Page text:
Trump Takes Over—Now What?

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Trump Takes Over—Now What?

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America and the world watched transfixed as the roller coaster 2016 U.S. presidential campaign finally came to its conclusion on November 8. The surprises and revelations continued right up through election night when billionaire real estate developer Donald Trump shocked the world by winning the presidency.

Perhaps not since Abraham Lincoln was elected in 1860 has a U.S. election laid bare the deep divisions among Americans. It became, more than any other election in recent memory, a contest between two visions of America. Supporting Mr. Trump were those who saw him as a political outsider not beholden to the power elites, a candidate with a new vision for America that rejects the overreach of a hyper-liberal agenda that attacked traditional Judeo-Christian values.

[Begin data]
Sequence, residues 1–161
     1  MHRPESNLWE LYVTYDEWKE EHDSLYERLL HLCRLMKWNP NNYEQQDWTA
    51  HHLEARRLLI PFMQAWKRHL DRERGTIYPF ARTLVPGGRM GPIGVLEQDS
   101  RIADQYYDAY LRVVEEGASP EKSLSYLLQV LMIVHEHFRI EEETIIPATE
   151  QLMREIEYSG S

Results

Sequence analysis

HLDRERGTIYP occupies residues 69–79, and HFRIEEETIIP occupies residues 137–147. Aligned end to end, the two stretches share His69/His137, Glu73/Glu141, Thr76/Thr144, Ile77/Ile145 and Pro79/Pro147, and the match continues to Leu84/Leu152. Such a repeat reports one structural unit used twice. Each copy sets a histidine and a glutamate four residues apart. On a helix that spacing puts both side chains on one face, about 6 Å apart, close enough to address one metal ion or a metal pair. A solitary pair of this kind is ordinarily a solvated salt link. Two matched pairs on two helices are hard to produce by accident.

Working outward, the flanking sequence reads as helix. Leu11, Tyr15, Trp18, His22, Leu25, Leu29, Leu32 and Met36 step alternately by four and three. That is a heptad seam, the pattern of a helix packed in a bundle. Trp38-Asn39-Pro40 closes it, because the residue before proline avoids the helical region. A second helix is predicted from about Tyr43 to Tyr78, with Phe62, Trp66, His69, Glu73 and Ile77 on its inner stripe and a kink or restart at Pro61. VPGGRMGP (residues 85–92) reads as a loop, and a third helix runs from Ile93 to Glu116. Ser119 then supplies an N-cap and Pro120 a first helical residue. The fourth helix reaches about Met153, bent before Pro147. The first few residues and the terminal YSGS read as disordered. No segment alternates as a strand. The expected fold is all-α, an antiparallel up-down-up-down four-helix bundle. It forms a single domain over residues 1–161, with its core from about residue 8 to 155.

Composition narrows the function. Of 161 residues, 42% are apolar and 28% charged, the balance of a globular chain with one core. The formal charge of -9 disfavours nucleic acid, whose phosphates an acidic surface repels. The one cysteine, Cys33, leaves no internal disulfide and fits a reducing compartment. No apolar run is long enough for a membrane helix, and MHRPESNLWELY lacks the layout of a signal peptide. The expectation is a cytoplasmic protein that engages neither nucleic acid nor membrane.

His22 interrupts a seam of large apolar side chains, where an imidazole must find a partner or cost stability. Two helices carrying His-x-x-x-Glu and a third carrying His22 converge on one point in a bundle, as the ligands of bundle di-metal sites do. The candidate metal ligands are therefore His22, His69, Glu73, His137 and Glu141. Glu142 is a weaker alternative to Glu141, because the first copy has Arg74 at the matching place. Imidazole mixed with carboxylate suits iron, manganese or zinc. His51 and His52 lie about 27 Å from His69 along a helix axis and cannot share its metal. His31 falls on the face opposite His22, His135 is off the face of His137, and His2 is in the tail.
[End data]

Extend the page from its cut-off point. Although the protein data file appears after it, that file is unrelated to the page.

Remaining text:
Hillary Clinton, a social activist since the late 1960s, campaigned on a promise to continue the Obama vision of federal government solutions to most of America’s problems at home and subordination of U.S. interests abroad as a recipe for peace and stability while continuing his progressive social agenda of government health care, support for gay rights, and open door immigration policies.

The clash of values escalated tensions between the heartland’s traditional values and the progressive vision popular on both the East and West Coasts. Liberal progressives even admitted as much. “We have two cultures in this nation,” said MSNBC political analyst Nicole Wallace. “Millions of Americans feel alienated by the cultural elites on both coasts. They are tired of being talked down to.”

Donald Trump tapped into the anger and frustration of millions of Americans fed up with a progressive, socialist, ever-bigger-government path and growing government hostility toward traditional American values.

Election post-mortem